The objective of this study is to present new analytical solutions of the head and SDR, which overcome the above-mentioned limitations, for 3-D flow toward a RCW. A mathematical model is built to describe 3-D spatiotemporal hydraulic head distributions in a rectangular unconfined aquifer bounded by two parallel streams and by the no-flow stratums in the other two sides. The flux across the well screen is assumed to be uniform along each of the laterals. The assumption is valid for a short lateral within 150 m verified by agreement on drawdown observed in field experiments and predicted by existing analytical solutions (Huang et al., 2011, 2012). The streams fully penetrate the aquifer and connect the aquifer with low-permeability streambeds. The model for the aquifer system with two parallel streams can be used to determine the fraction of water filtration from the streams and solve the associated water right problem (Sun and Zhan, 2007). The transient 3-D groundwater flow equation with a point-sink term is considered. The first-order free surface equation is used to describe water table decline due to pumping. Robin boundary conditions are adopted to describe fluxes across the streambeds. The head solution for a point sink is derived by the methods of Laplace transform and finite integral transform. The analytical head solution for a RCW is then obtained by integrating the point-sink solution along the well and dividing the integration result by the total lateral length. The RCW head solution is expressed in terms of a triple series expanded by eigenvalues, which can be obtained by a numerical algorithm such as Newton's method. On the basis of Darcy's law and the RCW head solution, the SDR solution can then be obtained in terms of a double series with fast convergence. With the aid of both solutions, the sensitivity analysis is performed to investigate the response of the hydraulic head to the change in each of aquifer's parameters. Spatial head distributions subject to the anisotropy of aquifer hydraulic conductivities are analyzed. The influences of the vertical flow and well depth on temporal SDR distributions are investigated. Moreover, temporal SDR distributions induced by a RCW and a fully penetrating vertical well in confined aquifers are also compared. A quantitative criterion is provided to identify whether groundwater flow at a specific region is 3-D or 2-D without the vertical component. In addition, another criterion is also given to judge the suitability of neglecting the vertical flow effect on SDR.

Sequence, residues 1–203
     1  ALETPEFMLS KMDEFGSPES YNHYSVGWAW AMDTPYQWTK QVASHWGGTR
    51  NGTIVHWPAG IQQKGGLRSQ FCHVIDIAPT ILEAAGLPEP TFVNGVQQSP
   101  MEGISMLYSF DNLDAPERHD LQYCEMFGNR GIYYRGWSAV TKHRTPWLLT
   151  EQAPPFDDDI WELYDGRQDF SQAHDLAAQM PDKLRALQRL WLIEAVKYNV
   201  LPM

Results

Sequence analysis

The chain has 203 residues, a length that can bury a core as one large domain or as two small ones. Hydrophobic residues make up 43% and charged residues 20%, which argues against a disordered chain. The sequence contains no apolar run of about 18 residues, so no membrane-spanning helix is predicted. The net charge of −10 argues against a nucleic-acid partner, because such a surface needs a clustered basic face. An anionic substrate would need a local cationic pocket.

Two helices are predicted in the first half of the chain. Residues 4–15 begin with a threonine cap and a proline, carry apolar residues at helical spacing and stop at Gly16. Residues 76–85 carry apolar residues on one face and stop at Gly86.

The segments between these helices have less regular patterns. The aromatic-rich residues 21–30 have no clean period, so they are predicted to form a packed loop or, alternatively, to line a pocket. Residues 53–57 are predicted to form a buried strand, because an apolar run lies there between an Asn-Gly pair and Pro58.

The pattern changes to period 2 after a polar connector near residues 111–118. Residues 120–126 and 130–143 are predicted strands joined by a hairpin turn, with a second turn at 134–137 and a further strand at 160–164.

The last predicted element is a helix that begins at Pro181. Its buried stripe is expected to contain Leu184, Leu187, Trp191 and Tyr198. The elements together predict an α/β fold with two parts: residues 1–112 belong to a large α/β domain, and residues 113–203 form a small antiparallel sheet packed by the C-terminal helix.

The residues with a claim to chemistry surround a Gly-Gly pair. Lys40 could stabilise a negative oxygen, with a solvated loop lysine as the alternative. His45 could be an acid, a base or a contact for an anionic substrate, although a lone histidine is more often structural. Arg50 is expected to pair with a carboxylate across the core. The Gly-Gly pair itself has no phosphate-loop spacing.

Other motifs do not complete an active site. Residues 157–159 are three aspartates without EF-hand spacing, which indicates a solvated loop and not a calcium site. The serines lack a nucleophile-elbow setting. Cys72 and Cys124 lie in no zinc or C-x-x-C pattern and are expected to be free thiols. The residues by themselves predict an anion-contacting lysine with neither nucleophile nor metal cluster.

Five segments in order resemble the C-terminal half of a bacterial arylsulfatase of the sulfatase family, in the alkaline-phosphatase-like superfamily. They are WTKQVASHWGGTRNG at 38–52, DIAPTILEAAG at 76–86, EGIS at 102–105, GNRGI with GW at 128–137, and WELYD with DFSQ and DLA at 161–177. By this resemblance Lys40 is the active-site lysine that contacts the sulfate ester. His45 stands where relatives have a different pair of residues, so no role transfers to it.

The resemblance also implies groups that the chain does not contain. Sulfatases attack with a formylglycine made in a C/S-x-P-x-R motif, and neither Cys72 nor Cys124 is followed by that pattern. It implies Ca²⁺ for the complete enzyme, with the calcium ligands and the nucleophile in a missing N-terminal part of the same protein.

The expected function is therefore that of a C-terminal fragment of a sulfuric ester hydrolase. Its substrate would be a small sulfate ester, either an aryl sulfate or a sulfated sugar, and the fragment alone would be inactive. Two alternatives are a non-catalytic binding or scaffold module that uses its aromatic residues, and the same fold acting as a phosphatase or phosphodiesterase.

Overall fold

Consider a RCW in a rectangular unconfined aquifer bounded by two parallel
streams and no-flow stratums as illustrated in Fig. 1. The symbols for
variables and parameters are defined in Table 1. The origin of the Cartesian
coordinate is located at the lower left corner. The aquifer domain falls in
the range of

Symbols used in the text and their definitions.

First, a mathematical model describing 3-D flow toward a point sink
in the aquifer is proposed. The equation describing 3-D hydraulic head
distribution

Note that Eq. (2) introduces a negative hydraulic head for pumping, and the absolute value of the head equals drawdown.

The aquifer boundaries at

Streambed permeability is usually less than the adjacent aquifer formation.
The fluxes across the streambeds can be described by Robin boundary
conditions as

The free surface equation describing the water table decline is written as

Neuman (1972) indicated that the effect of the second-order terms in Eq. (7)
can generally be ignored in developing analytical solutions. Equation (7) is thus
linearized by neglecting the quadratic terms, and the position of the water
table is fixed at the initial condition (i.e.,

Notice that Eq. (8) is applicable when the conditions

Define dimensionless variables as

Similarly, the initial and boundary conditions are expressed as

The model, Eqs. (10)–(17), reduces to an ordinary differential equation
(ODE) with two boundary conditions in terms of

The method to determine the roots is discussed in Sect. 2.3. In turn, Eq. (18) becomes a second-order ODE defined by

Equation (20) can be separated into two homogeneous ODEs as

The second describes the discontinuity of the flux due to point pumping
represented by the Dirac delta function in Eq. (20). It can be derived by
integrating Eq. (20) from

Solving Eqs. (23) and (24) simultaneously with Eqs. (21), (22), (25), and
(26) yields the Laplace-domain head solution as

The determination for those eigenvalues is introduced in the next section.
Notice that the solution consists of a simple series expanded in